The last issue of NR contains an unusually large number of articles with which I disagree. I’ll focus here on Todd Zywicki’s advocacy of repealing the 17th amendment, and thus allowing state legislatures to select U.S. senators. The argument for indirect selection — which Professor Zywicki makes about as well as it can be made, I think — is a perfectly reasonable one, with which I have no quarrel. But I think there are several reasons for conservatives not to take up this fight.
1a) Amending the constitution is an immense political task. Does anyone really think that we are going to persuade 38 states to agree that voters should not choose senators directly? The difficulty of the task doesn’t mean it’s not worth undertaking: Sometimes even a losing battle can educate the public about the underlying issues and thus promote the cause (in this case federalism). But it is a consideration that tells against making the effort.
1b) If 38 states were willing to enact this amendment, we would probably already be living in such a republican and conservative country that it would not be necessary to enact in the first place.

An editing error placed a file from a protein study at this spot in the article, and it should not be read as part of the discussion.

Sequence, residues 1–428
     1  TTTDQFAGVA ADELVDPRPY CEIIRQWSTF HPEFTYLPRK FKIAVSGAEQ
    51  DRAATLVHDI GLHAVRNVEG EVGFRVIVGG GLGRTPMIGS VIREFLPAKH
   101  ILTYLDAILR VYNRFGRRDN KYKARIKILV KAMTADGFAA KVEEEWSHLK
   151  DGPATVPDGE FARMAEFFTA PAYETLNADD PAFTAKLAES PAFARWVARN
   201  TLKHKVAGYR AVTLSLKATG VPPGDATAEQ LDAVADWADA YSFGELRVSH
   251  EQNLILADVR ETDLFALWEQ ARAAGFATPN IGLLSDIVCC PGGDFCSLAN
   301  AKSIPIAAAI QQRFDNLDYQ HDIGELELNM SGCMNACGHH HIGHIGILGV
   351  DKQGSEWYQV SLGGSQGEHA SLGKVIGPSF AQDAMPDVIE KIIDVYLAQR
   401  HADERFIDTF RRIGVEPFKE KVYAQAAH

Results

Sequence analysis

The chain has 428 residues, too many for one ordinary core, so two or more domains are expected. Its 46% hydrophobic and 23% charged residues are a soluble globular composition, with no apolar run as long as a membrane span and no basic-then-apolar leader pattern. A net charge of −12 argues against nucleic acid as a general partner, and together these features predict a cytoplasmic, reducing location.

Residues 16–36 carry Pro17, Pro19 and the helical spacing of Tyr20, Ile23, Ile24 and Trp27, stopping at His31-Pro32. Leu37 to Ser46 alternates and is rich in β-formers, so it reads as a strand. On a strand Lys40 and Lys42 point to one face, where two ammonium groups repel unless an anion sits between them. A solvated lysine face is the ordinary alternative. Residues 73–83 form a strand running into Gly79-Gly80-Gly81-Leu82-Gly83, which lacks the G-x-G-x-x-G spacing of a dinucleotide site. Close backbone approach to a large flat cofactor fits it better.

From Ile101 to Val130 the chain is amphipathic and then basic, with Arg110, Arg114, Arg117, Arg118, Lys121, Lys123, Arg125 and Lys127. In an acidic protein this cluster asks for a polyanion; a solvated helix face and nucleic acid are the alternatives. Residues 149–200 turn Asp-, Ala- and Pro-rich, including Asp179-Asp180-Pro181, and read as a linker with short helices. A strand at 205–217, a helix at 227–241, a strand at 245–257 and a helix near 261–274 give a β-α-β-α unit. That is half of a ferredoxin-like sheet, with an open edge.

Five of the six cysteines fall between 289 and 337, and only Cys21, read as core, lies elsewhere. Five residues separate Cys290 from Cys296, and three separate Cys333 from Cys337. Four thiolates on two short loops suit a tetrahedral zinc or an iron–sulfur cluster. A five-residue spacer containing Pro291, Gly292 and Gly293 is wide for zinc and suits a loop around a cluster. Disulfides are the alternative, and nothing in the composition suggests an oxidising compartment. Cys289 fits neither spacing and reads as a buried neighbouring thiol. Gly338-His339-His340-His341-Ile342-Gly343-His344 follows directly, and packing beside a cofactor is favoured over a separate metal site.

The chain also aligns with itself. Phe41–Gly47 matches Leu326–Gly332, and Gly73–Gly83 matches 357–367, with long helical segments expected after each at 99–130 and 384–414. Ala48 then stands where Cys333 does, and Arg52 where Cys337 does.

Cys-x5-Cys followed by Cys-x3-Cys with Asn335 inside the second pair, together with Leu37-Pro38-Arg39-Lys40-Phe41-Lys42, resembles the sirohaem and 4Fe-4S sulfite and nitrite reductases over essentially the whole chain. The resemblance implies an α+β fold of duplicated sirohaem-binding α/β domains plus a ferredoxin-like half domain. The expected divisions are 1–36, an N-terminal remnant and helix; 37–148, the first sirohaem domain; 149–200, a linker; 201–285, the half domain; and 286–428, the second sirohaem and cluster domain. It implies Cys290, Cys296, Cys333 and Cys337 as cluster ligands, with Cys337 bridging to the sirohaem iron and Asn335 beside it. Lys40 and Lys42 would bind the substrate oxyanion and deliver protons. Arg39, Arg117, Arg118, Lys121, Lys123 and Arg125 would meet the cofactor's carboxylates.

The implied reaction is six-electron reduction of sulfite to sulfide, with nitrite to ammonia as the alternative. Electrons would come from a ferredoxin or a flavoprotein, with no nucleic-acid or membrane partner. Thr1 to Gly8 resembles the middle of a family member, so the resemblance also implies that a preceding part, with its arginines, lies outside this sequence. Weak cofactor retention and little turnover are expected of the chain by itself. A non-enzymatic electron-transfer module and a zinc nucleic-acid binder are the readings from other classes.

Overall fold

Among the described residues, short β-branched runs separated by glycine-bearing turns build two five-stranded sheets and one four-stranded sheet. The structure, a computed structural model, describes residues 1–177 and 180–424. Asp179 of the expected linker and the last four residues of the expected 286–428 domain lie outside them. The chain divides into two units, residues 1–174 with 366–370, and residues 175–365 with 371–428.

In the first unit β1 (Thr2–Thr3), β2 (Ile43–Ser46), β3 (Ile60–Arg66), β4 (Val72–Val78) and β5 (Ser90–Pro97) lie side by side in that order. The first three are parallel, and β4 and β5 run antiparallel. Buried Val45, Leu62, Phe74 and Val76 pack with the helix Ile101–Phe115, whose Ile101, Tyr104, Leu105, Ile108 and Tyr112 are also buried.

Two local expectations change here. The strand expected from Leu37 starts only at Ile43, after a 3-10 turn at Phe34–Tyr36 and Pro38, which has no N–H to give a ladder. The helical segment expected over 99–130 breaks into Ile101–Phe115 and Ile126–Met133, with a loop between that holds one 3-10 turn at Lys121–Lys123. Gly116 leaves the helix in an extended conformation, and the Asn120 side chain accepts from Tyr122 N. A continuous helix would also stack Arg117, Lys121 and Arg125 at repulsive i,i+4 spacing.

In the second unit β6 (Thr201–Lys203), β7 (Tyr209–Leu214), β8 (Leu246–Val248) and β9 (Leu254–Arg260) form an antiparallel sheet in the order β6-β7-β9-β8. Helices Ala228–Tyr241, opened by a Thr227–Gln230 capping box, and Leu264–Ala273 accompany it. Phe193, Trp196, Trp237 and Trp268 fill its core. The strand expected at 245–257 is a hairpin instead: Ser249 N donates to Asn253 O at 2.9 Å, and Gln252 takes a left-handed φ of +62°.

2) It will probably seem rather odd to the vast majority of Americans who are not committed constitutionalist conservatives to see conservatives devoting a large portion of their energies (as they would have to do; see 1a) to this topic rather than to more direct measures to reduce federal spending, reduce the debt, revive the economy, and so forth.
3) This campaign would actually miseducate Americans, since it would suggest that what has gone wrong with American federalism is that the federal government has grown at the expense of the states and that the solution is to increase the power of the states against the federal government. That is indeed the impression you would get from a lot of conservative rhetoric about federalism, but I do not believe it is true. (I had an essay making my case in a recent NR.) Contemporary state governments are more the allies than the victims of the swelling federal government. I would not look to newly-empowered state legislators as a class to find resistance to federal bailouts of the states, or for help in letting people buy health insurance across state lines.
I think then that conservatives should keep the discussion of the 17th amendment confined to the theoretical rather than the practical-political realm.